DEATH * BY * METH

This is dedicated to Travis Holappa who was kidnapped, tortured and murdered on July 25, 2004 in Northern Minnesota. This was all due to meth. I am Travis' mother and I wish to make this devastation turn into a better thing by educating and exposing the truth about meth, the dangers, and the deadly consequences it brings about to individuals and communities.

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Location: Colorado, United States

I want to do what I can to educate people about what is going on around the world with the meth problem. I want people to know about it BEFORE they even get the idea to want to try it. It is a dangerous drug and will ruin your life as well as all those who love you. I am on a mission on behalf of my only son, Travis.

Thursday, September 25, 2008

What are the health risks if I live in or near a former meth lab?

Meth causes health problems not just for the users, but also for others who are unintentionally exposed to the chemicals.

The risk of injury from chemical exposure depends on the chemical itself, the concentration, the quantity, and the length and route of exposure. Chemicals may enter the body by being breathed, eaten, injected (by a contaminated needle or accidental skin prick), or absorbed by the skin.

Acute Exposure: An acute chemical exposure is one that occurs over a relatively short period of time and may result in health effects. An acute exposure to high levels of contaminants found in meth labs cause shortness of breath, cough, chest pain, dizziness, lack of coordination, chemical irritation, lesions and burns to the skin, eyes, mouth and nose, and in severe cases, death. Acute reactions of this nature could occur during or immediately after a drug bust, before the lab has been ventilated.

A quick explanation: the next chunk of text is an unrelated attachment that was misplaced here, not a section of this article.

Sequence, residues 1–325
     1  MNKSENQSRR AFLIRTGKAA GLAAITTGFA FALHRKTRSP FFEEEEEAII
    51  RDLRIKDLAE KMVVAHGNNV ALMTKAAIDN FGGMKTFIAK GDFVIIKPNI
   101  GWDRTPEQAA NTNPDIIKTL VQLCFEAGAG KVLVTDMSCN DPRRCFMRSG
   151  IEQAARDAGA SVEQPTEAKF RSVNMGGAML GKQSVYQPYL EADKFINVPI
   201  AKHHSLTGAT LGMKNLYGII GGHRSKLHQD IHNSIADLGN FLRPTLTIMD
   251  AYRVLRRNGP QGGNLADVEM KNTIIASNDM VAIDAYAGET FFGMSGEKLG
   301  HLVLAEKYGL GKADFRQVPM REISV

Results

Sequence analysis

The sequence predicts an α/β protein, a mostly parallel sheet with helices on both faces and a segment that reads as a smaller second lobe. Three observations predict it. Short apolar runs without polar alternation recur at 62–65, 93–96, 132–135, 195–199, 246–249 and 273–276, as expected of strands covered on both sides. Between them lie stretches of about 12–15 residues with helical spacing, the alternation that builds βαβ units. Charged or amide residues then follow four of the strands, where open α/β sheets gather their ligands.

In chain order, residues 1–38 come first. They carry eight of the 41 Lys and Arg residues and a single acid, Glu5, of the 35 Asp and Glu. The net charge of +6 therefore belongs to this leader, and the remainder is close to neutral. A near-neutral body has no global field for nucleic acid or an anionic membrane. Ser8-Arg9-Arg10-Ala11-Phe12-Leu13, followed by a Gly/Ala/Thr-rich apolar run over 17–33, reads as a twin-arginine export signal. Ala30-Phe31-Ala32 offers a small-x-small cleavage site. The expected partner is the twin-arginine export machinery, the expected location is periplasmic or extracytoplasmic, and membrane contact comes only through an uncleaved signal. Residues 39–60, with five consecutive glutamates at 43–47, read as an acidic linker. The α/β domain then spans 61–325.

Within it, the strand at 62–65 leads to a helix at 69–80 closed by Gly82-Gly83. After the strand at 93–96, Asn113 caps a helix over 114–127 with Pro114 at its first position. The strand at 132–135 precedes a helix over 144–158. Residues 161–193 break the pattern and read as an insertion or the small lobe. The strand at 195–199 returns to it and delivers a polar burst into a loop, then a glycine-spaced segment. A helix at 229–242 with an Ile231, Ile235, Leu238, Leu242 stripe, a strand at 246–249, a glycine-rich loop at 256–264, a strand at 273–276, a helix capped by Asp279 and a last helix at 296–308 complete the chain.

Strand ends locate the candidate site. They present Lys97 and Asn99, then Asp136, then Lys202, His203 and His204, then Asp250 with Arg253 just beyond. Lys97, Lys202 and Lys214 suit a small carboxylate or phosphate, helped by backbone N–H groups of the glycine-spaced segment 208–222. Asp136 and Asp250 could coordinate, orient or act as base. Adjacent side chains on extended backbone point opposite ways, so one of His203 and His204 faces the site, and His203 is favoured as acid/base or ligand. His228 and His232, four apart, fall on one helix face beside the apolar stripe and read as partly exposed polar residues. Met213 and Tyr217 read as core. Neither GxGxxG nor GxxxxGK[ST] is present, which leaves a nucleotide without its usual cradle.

Less severe symptoms resulting from a less acute exposure cause headache, nausea, dizziness, and fatigue or lethargy. These symptoms have been known to occur in people who have entered a drug lab after the bust has been completed, but before the property has been adequately cleaned and ventilated. These symptoms usually go away after several hours.

Corrosive Effects: Inhalation or skin exposure may result in injury from corrosive substances present in a meth lab. Symptoms range from shortness of breath, cough, chest pain, to burns to the skin.

Solvents: Exposure to solvents can irritate the skin, mucous membranes, respiratory tract, and cause central nervous system effects. They are also dangerous because of their fire and explosive properties.

Chronic Exposure: Chronic exposure occurs over an extended period of time, such as weeks, months, or years. A chronic health effect is one that usually appears after a lengthy period of time, possibly years. Not much is known about the chronic health effects from these labs. However, there is scientific evidence from animal and human toxicity studies that shows the chemicals used to manufacture meth can cause a range of health effects include cancer, damage to the brain, liver and kidneys, birth defects, and reproductive problems, such as miscarriages.

1 Comments:

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Friday, October 23, 2009 7:52:00 AM  

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